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TCCY works to ensure equal and fair treatment for all youth within the juvenile justice system by advocating for and funding evidence-based practices to prevent and reduce juvenile delinquency.
TCCY juvenile justice activities include distributing state and federal funds to counties, state-level agencies and community programs to prevent
delinquency or improve services for children involved with juvenile courts. TCCY is the State Advisory Group responsible for implementing the Federal
Juvenile Justice and Delinquency Prevention (JJDP) Act in Tennessee.
Funds administered include the federal JJDP funds and Court Appointed Special Advocate (CASA) grants. CASA program volunteers provide a voice for children in the juvenile court system. Reimbursement accounts helpcounties without youth detention centers defray the costs of providing alternatives to placing children in adult jails. Programs funded include youth and drug courts, mentoring, after-school programs, training for juvenile court staff and probation programs.
TCCY provides administrative support and technical assistance to the Disproportionate Minority Contact (DMC) task forces in Tennessee.
Tennessee has a statewide DMC Task Force as well as several local DMC task forces. The task forces consist of concerned citizens and agency
representatives from across the state who meet periodically to address issues regarding the disproportionate number of minority children who come
into contact with the juvenile justice system.
TCCY provides budget recommendations and legislative guidance, and Ombudsman program, supports the Council on Children’s Mental Health, Second Look Com-mission, Youth Transitions Advisory Council, Home Visiting Leadership Alliance and Young Child Wellness Council, and provides training and advocacy to prevent and mitigate adverse childhood experiences (ACEs).
TCCY has administrative responsibility for the Council on Children’s Mental Health (CCMH) charged with designing a plan for a statewide system of mental health care for children. The Council, composed of a broad range of stakeholders from all across the state, is co-chaired by the commissioner of the Department of Mental Health and Substance Abuse Services (TDMHSAS) and the executive director of TCCY. TCCY also partners with TDMHSAS through System of Care Across Tennessee (SOCAT), a 4-year, $12 million federal grant. SOCAT utilizes System of Care values and principles while empowering Tennessee families to work together with child-serving agencies as a partner to guide their care.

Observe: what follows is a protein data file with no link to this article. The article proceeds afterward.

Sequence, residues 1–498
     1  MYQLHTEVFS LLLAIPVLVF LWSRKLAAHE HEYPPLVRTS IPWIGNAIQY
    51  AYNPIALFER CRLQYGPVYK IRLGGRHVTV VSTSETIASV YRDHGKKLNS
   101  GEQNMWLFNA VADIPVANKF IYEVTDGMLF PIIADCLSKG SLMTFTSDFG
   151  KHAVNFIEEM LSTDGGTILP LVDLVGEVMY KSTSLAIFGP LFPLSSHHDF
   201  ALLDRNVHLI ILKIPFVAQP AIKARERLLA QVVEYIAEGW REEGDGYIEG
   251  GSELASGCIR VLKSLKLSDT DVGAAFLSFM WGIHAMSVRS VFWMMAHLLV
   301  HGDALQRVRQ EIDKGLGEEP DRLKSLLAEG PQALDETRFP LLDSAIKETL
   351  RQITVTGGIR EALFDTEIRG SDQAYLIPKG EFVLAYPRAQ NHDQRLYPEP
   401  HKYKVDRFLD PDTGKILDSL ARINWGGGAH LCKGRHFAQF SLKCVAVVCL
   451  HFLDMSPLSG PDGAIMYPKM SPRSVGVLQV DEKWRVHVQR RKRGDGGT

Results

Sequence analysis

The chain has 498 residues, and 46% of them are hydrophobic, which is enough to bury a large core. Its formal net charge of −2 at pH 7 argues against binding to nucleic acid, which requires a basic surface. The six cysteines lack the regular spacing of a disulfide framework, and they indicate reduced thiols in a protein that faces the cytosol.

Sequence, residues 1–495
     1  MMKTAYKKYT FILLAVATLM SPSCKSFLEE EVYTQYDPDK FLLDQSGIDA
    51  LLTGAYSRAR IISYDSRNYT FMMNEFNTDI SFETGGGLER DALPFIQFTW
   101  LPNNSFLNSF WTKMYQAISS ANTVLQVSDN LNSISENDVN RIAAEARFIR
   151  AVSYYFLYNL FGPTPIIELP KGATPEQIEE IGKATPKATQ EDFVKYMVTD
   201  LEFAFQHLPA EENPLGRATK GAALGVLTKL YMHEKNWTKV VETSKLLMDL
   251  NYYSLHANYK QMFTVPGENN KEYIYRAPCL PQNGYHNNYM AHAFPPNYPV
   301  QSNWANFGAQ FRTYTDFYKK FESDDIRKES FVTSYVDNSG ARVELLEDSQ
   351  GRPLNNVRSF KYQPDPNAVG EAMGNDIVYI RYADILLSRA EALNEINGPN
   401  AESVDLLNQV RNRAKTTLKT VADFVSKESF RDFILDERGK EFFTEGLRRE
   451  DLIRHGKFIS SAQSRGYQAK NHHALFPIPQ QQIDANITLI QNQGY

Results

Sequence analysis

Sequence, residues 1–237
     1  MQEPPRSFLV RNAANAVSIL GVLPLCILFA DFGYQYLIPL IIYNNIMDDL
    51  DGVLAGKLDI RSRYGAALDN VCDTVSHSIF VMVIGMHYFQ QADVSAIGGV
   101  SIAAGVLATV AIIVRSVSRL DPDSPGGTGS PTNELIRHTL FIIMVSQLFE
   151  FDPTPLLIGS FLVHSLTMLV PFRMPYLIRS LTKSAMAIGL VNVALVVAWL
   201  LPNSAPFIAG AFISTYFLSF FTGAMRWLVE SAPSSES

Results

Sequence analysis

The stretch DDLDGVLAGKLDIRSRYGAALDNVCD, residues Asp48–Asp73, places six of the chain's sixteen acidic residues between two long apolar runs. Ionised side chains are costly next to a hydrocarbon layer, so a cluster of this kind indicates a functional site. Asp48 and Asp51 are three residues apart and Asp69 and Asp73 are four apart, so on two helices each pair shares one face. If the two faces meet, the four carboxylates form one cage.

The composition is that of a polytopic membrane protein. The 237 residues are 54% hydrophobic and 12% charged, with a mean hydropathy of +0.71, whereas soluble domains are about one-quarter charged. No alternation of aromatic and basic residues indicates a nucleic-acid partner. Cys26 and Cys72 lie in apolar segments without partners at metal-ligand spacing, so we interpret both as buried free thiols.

The Home Visiting Leadership Alliance (HVLA) includes leadership from home visiting programs, state departments and other stake holders from across the state. The Tennessee Commission on Children and Youth (TCCY) has administrative responsibility for the HVLA through a grant agreement with the Tennessee Department of Health (TDH). HVLA is co-chaired by TDH and TCCY and meets quarterly.
The Ombudsman responds to questions, concerns or complaints regarding children involved with the state’s child welfare and juvenile justice systems. Referrals are accepted from anyone. A mediation approach is used to resolve disputes in the best interests of the child and the safety of the community.
Administered by TCCY, the Second Look Commission (SLC) was established to review a sampling of cases involving a second or subsequent incident of severe child abuse and provide recommendations and findings to the General Assembly regarding whether or not severe child abuse responses provide adequate protection for the children of this state. The SLC is co-chaired by Senate and House members, and includes representatives from the Department of Children’s Services (DCS), law enforcement, courts, child abuse service providers and the advocacy community.